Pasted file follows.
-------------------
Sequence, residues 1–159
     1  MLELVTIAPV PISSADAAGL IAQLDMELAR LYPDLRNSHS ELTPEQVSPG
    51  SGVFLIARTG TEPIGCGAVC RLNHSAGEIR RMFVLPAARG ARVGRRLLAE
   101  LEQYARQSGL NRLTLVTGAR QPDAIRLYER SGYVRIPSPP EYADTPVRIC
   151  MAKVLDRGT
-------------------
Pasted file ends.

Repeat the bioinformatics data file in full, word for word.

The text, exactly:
Sequence, residues 1–159
     1  MLELVTIAPV PISSADAAGL IAQLDMELAR LYPDLRNSHS ELTPEQVSPG
    51  SGVFLIARTG TEPIGCGAVC RLNHSAGEIR RMFVLPAARG ARVGRRLLAE
   101  LEQYARQSGL NRLTLVTGAR QPDAIRLYER SGYVRIPSPP EYADTPVRIC
   151  MAKVLDRGT